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How Binders Work On Lingering Infections

Chronic vector-borne illnesses, defined as illnesses spread by ticks and other biting insects, are rising dramatically, according to the Centers for Disease Control (CDC). (1) Ticks and other biting insects carry a wide array of infectious microbes and can transmit those microbes into our bloodstreams when they bite us. Some people who are bitten will get sick from the microbes; a proportion of those affected may also  experience ongoing, persistent  symptoms related to these pesky infectious bugs.

The health effects from vector-borne illnesses run the gamut, but some common symptoms include:

  • Headache
  • Fatigue
  • Muscle aches
  • Joint pain 
  • Neck stiffness
  • Skin irritations
  • Heartbeat abnormalities
  • Shortness of breath 
  • Numbness and tingling
  • Cognitive issues, including poor memory

The fact that these microbes are difficult to eradicate is nothing new to those of us suffering from tick bites. However, managing chronic symptoms can feel like a full time job. One natural tool that many practitioners and tick bite recipients have learned to appreciate are intestinal binding agents like charcoal and bentonite clay. These natural compounds can bind toxins in the gut to help minimize symptoms by effectively “capturing” microbes and supporting their removal through the GI tract.

Read on to learn how intestinal binders  can play a central role in the management and recovery from tick-borne microbial imbalances.

Endotoxin, Released by Dying Microbes, Disrupts Detox

Chronic infections disrupt gut function and trigger an unproductive inflammatory response by releasing harmful bacterial byproducts, including a potent substance called endotoxin. Borrelia burgdorferi, the microbe that causes the prominent vector-borne infection Lyme disease, does not make endotoxin but does produce a similar compound, peptidoglycan, with unwanted inflammatory properties. (2)

As bacteria die in response to antibiotic and antimicrobial herbal therapies, they release substances such as endotoxin and peptidoglycan. However, if not eliminated promptly, these substances can circulate throughout the body, triggering widespread inflammation. (3) Interestingly, endotoxin has been tied to “brain fog,” a lack of mental clarity and inability to focus, that may occur during antimicrobial therapies. (4) Other possible effects of circulating microbes include headaches, joint pain, and malaise.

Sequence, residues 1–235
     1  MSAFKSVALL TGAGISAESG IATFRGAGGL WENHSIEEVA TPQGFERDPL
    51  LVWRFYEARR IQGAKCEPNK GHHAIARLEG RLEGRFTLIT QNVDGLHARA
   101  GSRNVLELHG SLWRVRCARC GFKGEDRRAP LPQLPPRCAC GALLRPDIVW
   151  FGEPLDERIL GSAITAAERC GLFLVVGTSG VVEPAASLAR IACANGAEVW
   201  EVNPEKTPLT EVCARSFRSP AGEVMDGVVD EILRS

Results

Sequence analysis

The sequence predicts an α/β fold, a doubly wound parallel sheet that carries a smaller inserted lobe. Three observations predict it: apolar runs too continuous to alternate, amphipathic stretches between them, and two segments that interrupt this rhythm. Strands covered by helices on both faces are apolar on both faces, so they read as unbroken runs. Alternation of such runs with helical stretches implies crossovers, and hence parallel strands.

Dying microbes like endotoxin riles up the immune system and breaks down the intestinal barrier, the layer of intestinal cells that separates the inside of the gut from your blood circulation. An unhealthy gut and inflammatory activity, in turn, compromise detoxification by bogging down your most crucial pathway for detoxification — your gut and stool! 

Altogether, chronic infections and traditional treatments for these conditions can compromise detox and make some sufferers feel worse, not better! Enter binders, an alternative solution for decreasing the body’s toxic burden, opening detox pathways, and facilitating healing. 

Natural Binders Support Healing from Lingering Infections

Intestinal binders are substances that bind onto toxins in the gut, preventing them from being recirculated between the gut, liver, and bloodstream. When toxins repeatedly cycle between these systems, in a process referred to as “enterohepatic circulation,” they continue to exert toxic effects on the body. 

Intestinal binders stop this vicious circle by mopping up a variety of toxins in the gut, including microbial toxins related to persistent infections, and ushering them out of the body via the stool.

Binders also bind heavy metals and mycotoxins, which may compromise a healthy immune response. (5) Removing these environmental toxins may allow the immune system to finally fire “on all cylinders,” better addressing these ongoing infectious stressors. 

So, what are some examples of intestinal binders? Here are just a few:

  • Activated charcoal: Activated charcoal, often made from coconut shells or bamboo, contains millions of tiny pores that capture toxins including metals, bacterial endotoxin, and mycotoxins, in the gut. (6, 7) Hospitals and emergency rooms have long used activated charcoal to treat cases of poisoning in children and adults. It is well-tolerated and readily excreted in the stool.
  • Chitosan: Chitosan is a water-soluble polysaccharide derived from the outer skeleton of shellfish. It binds heavy metals and microbes and may also support the growth of beneficial gut bacteria, which play crucial roles in the immune system. (8, 9
  • Bentonite clay: Bentonite clay is a creamy gray volcanic ash. Each molecule has a vast surface area capable of binding to numerous harmful substances, including heavy metals, mold toxins, and endotoxin. (10)  
  • Zeolite: Zeolite is a collection of aluminosilicate minerals (aluminum bound to silicon and oxygen) that have a high binding capacity for various ions, including heavy metal ions. Zeolite is plentiful in kaolin clay and other types of naturally-occurring clays. It binds strongly to ammonia, a waste product of protein metabolism that can compromise brain function in excess, and mycotoxins,substances produced by environmental molds that are harmful to human health. (11)

If you are healing your body from a lingering infection, intestinal binders should be a central part of your protocol. By mopping up inflammatory microbial byproducts and other potentially harmful toxins, binders can offset the side effects of microbial-balancing treatments and bring your immune system online, allowing you to better fight off foreign invaders.

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